Phenytoin teratogenicity and midgestational pharmacokinetics in mice.Teratology. 1991 Nov; 44(5):497-505.T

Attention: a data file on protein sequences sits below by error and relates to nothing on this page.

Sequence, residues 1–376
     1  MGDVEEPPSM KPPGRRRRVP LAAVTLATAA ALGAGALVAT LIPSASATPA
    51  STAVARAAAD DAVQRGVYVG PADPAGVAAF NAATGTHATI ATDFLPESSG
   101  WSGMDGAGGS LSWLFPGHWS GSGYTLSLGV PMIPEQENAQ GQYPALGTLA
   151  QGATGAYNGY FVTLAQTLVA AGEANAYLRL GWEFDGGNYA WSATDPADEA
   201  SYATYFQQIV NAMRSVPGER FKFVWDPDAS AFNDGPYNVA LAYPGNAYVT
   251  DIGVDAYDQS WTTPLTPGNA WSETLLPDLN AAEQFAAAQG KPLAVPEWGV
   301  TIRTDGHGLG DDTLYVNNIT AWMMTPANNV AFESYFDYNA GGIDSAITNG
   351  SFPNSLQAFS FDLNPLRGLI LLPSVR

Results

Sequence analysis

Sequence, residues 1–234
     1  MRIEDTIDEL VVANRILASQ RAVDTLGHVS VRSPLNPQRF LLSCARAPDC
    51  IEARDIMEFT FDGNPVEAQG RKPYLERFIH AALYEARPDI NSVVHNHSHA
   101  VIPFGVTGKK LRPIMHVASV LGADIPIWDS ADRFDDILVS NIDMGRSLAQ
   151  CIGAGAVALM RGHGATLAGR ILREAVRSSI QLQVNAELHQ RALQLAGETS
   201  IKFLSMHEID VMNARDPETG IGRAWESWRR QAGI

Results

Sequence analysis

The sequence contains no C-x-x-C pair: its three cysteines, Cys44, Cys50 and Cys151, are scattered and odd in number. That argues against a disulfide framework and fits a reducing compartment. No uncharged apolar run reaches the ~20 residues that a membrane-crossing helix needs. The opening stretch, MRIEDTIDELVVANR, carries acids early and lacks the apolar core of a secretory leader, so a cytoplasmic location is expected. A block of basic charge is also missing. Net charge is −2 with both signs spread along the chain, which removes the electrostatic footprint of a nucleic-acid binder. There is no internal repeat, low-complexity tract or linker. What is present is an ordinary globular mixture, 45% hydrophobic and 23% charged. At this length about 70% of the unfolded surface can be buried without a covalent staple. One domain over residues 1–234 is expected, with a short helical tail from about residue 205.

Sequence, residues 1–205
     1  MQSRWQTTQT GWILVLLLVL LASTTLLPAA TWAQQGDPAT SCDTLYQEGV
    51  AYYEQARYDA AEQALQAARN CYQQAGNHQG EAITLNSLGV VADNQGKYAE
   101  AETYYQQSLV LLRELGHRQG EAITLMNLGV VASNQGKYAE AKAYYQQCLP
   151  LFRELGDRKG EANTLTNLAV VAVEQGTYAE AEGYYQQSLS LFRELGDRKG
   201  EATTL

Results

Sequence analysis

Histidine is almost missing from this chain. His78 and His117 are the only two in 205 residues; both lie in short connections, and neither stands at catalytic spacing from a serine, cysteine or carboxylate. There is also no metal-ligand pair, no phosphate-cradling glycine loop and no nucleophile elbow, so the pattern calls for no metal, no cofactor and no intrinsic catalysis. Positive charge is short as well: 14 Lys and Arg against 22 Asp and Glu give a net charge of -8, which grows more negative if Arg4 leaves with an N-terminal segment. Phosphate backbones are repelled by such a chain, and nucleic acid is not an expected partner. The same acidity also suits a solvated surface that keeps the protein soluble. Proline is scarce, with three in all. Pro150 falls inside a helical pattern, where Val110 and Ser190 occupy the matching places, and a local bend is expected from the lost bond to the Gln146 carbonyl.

Mice of the A/J and C57BL/6J (C57) strains were dosed with phenytoin (PHT) every 48 hr throughout pregnancy by gastric intubation to test the hypothesis that maternal plasma PHT concentration may be the significant factor in determining PHT reproductive and developmental toxicity. Serial serum samples were obtained from each mouse from gestation day (GD) 10-GD 12 for determination of individual dam PHT pharmacokinetics. Maximum PHT concentration and PHT AUC (area under-the-time-concentration curve) were regressed to laparotomy and fetal evaluation endpoints to determine whether significant association existed. Although serum PHT concentrations exceeded levels associated with teratogenicity (greater than 10 micrograms/ml), few major malformations were induced in either strain. However, in the A/J strain, there was a significant increased incidence of hydrocephaly and open eyelid. Regression of pharmacokinetic parameters with embryo and maternal endpoints indicated significant associations between gestational weight gain and maximum concentration measured (Cmax) or AUC in both strains. This association was also found for fetal weight in the C57 strain. In the A/J strain, the induction of decreased ossification of the sternebrae was also associated with maternal PHT concentration; however, linear regression of hydrocephaly and open eyelid to PHT concentration was not statistically significant. These results suggest that maternal plasma PHT concentration may be a quantifiable determinant of certain aspects of PHT developmental toxicity in the mouse.